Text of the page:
3. The Terps lost Durell Nchami early.
The redshirt sophomore JACK linebacker (primarily a weak-side pass-rushing role) left the game on Northwestern’s opening drive with a lower leg injury and did not return, instead watching the second half in street clothes. Head coach Michael Locksley said after the game Nchami will have an MRI when the team returns to College Park, Md.
Nchami tallied 15 total tackles, 4.5 tackles for loss and one sack as a true freshman in 2018, but he tore his ACL in fall camp last year and missed the season. If Nchami misses significant time this fall, the Terps have a couple potential replacements. Redshirt freshman Deshawn Holt was listed as a potential starter at JACK on this week’s depth chart and saw the majority of the action at the spot in relief, while Shaq Smith held the role in 2019 before shifting back to inside linebacker in camp. There might be other viable options, but those two seem most likely.
4. It was a tough start for some new faces.
Tagovailoa’s struggles will dominate the headlines, but freshman running back Isaiah Jacobs might have had an even rockier Terps debut. He gained just 15 yards on six attempts, and a handful of decent kickoff returns were overshadowed by a muff and lost fumble in the second quarter. With fellow rookie running back Peny Boone impressing in late action — 30 yards on five carries — Jacobs will have to earn his share of the carries going forward. Five-star wide receiver Rakim Jarrett was targeted three times but recorded just one reception for 1 yard in his first college game.
The defensive line featured two JuCo additions in nose tackle Ami Finau and defensive tackle Mosiah Nasili-Kite, both of whom struggled. Freshman linebacker Ruben Hyppolite II and cornerback Tarheeb Still both recorded four tackles, as did sophomore defensive end Joseph Boletepelli. Maryland will need several of these players to step up if it wants to be competitive going forward.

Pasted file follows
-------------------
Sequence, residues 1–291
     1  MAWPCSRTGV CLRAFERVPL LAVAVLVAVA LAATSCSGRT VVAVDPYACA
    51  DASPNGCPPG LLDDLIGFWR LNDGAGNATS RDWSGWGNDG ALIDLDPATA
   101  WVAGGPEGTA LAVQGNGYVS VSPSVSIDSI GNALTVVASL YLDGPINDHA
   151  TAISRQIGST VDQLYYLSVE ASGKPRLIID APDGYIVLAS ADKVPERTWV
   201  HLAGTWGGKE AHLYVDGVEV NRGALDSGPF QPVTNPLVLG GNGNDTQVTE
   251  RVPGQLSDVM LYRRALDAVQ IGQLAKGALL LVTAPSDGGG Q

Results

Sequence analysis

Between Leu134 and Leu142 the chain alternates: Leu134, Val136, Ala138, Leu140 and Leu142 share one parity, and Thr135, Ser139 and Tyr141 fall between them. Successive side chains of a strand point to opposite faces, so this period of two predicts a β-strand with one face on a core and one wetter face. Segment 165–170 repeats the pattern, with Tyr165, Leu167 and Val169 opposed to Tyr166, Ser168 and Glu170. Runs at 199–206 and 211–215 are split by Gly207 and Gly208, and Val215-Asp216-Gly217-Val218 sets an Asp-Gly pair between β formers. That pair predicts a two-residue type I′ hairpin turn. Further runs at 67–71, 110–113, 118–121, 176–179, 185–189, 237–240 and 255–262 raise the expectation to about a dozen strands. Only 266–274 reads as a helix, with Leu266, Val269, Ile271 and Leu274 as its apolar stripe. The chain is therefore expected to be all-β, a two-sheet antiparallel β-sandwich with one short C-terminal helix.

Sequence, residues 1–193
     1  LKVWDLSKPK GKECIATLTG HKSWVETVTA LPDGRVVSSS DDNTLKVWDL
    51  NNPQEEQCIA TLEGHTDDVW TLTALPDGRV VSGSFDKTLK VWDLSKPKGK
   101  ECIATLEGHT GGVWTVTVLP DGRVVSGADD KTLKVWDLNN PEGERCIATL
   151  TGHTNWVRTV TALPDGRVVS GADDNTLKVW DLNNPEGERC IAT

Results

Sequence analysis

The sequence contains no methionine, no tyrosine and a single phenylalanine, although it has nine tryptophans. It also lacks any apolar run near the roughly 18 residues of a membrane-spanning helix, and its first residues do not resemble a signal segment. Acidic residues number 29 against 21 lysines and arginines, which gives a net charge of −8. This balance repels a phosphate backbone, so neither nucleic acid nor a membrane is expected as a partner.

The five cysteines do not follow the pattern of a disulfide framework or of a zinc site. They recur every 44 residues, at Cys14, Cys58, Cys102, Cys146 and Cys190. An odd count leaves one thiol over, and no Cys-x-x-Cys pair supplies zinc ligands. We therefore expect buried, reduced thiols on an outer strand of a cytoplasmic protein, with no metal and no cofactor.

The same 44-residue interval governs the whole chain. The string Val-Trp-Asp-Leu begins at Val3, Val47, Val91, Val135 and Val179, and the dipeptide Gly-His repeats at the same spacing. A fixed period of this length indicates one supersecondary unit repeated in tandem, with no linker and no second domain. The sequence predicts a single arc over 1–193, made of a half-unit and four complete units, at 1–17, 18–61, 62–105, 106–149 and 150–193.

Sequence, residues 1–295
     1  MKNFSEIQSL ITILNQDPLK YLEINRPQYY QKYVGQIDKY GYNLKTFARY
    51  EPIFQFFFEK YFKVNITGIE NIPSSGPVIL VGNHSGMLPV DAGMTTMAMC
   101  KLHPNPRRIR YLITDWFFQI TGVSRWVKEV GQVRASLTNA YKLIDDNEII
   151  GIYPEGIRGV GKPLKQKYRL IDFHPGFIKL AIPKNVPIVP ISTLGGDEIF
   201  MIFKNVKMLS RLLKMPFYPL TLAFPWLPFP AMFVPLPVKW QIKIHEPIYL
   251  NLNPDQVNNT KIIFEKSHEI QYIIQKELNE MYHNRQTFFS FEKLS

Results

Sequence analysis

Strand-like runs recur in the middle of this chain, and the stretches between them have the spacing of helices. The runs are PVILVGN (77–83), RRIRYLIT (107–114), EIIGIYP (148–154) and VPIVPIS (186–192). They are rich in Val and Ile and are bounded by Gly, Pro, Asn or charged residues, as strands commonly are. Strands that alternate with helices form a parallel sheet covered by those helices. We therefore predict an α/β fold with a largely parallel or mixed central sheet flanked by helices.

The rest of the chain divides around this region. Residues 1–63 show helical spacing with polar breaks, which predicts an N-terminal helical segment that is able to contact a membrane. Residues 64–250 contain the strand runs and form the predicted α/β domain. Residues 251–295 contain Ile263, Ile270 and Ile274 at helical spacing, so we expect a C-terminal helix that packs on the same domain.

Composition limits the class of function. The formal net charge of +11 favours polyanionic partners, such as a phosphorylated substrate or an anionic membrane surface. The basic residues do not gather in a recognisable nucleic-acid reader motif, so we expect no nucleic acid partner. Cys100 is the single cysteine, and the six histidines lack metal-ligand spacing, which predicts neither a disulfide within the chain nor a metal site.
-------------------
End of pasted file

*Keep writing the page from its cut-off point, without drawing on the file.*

5. On a hectic weekend in the Big Ten, Maryland turned in by far the league’s worst performance.
A lot happened in the conference’s return to play. Indiana knocked off No. 8 Penn State in Bloomington, Ind. Rutgers picked up a win (!!!) at Michigan State. Ohio State and Wisconsin picked up commanding wins, while Michigan looked dominant against Minnesota. Some teams looked good and some teams looked bad — and then there was Maryland, getting blown out by 40 points against a foe that went 3-9 last year.
This is a program that’s been overwhelmed by the Big Ten, and especially the East division, seemingly ever since joining the conference. Maryland is now 5-34 against league opponents not named Rutgers since 2015, and with one game in the books this year, Rutgers looks far ahead of the Terps. The possibility of an 0-9 campaign is much closer now than ever.
Maryland’s popular Twitter mantra, #TBIA — “the best is ahead” — still rings true. That’s partly because the current roster is still incredibly young (only two senior starters) and the 2021 recruiting class is ranked 18th in the country. And it’s partly because this game could not possibly have gone worse.
Photo Credit: Courtesy of Maryland Athletics